La Scena Musicale

Sunday, 1 August 2010

Roberto Devereux: Munich Opera Festival

Photo: A modern dress Roberto Devereux starring Edita Gruberova and Sonia Ganassi

Roberto Devereux; The Queen Rules Again, at the Munich Opera Festival, Sunday, July 4, 2010
Richard Rosenman, Editor, Wagner News, Toronto Wagner Society
LSM Guest Reviewer
This is the second season that the Bayerische Staatsoper offers Edita Gruberova in a Gaetano Donizetti vehicle. Wisely or not, it had resisted mounting two of the three queens, last year’s contribution being Lucrezia Borgia. This historical melodrama of intrigue, forbidden love and corruption in Elizabeth’s I court, here shorn of its costumes and royal interiors, is less an equivalent of our time soap opera than a showcase of what ultimately counts –music and singing.
The production, premiered in 2004, has been seasonally revived but still draws full houses of devoted fans. Hearing the frenzied applause one feels it is all about her. Truly, Gruberova is a phenomenon – almost forty one years on stage (twenty after her first Elisabetta, in Barcelona), she still attacks the vocal pitfalls of the role fearlessly, though not as recklessly as in the past and not always as successfully. More successful is her concerted effort to act out the legendary temperament of the historical queen. She retains her charisma like a true primadonna that she is.
The director, Christof Loy, has chosen to place the action in a grey ministerial office, our idea of East German burocracy. The dark suited officials busy themselves with documents and briefcases. They are grave and humorless, whether shuffling papers or drawing blood, beating the hapless Roberto, (José Bros). Violence abounds; even Nottingham, (Paolo Gavanelli), gratuitously ties and abuses Sara, his wife, (Sonia Ganassi) in a fit of misplaced jealousy.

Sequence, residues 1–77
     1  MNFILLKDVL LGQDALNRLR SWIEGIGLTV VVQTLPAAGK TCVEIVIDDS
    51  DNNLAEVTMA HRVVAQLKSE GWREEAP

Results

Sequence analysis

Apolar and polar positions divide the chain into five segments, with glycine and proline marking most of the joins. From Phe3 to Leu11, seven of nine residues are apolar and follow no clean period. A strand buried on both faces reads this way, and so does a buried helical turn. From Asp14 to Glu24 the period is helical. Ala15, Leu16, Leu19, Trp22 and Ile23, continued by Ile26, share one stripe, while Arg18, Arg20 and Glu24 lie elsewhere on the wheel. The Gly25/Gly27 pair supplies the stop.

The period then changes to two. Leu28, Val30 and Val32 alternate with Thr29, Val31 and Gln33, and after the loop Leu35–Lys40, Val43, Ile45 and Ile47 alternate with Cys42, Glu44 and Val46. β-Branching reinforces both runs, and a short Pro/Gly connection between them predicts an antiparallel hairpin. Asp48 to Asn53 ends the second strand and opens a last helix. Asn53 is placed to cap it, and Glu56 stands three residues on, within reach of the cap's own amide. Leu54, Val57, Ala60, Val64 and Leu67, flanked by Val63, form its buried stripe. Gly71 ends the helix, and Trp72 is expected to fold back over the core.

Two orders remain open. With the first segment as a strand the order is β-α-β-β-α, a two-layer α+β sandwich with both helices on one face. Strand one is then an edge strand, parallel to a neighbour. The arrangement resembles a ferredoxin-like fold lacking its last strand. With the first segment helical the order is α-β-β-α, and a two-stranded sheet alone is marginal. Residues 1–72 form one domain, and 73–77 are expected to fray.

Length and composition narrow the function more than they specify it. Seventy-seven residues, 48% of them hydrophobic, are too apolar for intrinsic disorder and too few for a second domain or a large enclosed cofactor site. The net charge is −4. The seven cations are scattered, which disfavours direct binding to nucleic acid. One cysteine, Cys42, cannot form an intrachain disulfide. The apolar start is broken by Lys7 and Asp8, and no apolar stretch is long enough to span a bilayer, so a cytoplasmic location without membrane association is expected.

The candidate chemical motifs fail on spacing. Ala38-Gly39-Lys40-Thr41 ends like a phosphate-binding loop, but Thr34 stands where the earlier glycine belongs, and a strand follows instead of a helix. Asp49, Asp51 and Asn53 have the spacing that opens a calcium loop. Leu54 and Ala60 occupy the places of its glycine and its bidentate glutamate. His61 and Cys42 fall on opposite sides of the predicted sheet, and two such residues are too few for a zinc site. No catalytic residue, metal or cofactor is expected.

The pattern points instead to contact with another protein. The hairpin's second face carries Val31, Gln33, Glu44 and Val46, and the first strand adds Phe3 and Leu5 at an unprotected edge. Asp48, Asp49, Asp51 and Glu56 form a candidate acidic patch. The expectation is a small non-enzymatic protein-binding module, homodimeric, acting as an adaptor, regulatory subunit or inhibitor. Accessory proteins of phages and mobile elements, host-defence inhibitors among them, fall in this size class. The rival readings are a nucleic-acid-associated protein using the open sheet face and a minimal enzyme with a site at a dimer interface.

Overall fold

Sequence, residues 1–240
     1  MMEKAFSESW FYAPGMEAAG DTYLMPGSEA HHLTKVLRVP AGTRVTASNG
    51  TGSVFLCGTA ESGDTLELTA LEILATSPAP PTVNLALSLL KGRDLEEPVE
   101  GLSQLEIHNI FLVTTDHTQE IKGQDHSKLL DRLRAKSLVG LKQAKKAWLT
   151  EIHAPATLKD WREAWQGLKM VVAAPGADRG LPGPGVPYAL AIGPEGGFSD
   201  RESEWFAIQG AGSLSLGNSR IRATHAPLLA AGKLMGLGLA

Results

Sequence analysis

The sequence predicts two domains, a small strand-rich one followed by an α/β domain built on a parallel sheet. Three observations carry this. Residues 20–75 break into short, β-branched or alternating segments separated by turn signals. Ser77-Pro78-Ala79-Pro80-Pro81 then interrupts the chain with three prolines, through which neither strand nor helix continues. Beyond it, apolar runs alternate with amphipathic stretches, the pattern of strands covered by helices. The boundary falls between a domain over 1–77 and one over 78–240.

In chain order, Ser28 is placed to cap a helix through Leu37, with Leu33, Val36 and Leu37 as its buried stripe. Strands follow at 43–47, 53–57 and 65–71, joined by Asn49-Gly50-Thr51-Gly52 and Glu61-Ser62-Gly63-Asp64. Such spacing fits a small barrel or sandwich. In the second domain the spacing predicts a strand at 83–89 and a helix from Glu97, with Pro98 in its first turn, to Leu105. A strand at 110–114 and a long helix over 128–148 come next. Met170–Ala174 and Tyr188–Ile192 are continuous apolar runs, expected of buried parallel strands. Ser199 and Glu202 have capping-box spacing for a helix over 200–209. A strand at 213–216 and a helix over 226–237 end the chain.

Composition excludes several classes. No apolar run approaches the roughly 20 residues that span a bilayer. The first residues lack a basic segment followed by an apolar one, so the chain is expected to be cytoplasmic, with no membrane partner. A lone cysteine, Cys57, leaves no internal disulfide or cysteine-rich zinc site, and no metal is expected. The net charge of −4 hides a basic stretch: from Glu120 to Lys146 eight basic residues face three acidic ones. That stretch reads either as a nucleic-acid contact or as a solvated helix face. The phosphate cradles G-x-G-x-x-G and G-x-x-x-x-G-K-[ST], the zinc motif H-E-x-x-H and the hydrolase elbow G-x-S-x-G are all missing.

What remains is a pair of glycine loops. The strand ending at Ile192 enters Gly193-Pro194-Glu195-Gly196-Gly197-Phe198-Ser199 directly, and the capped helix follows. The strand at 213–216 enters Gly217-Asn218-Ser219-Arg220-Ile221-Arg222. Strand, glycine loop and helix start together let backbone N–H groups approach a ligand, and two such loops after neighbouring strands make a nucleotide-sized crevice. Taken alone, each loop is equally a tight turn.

Of her many portrayals of the role, this time Elisabetta, like the rest of the cast, is also in modern dress, a light blue suit, almost a mini, changed only close to the finale for a more dignified black. Listening to Gruberova makes one continuously compare the now with what has been and with other famous Elisabettas. Her singing is now squally, lacking the precision of say, Caballe, in the same role. But one must admire her determination, not deterred by momentary fadings or strainings of her instrument.
Although nominally the hero, Roberto Devereux is forced to remain in the shadow, though he asserts himself when he comes through bright and lyrical when needed. In the snake pit, that the court is, he retains our sympathy as the victim. Nottingham, Paolo Gavanelli, a large and imposing figure, another favorite of the Munich public judging by the second best ovation, held his vigorous baritone in check most of the time. The resulting lyricism contrasted with his fortes, sung not shouted. He was convincing in the stages of his metamorphosis from a devoted husband to a ruthless avenger, blinded by jealousy. The other victim, his wife Sara, Sonia Ganassi, a reliable counterforce to the queen.
The orchestra was led by Friedrich Haider. At the end the queen tears off her wig and passes the crown to the new king. Gruberova suddenly looks her, and the queen’s, age. It is more than a mere opera – it is theater of highest order.

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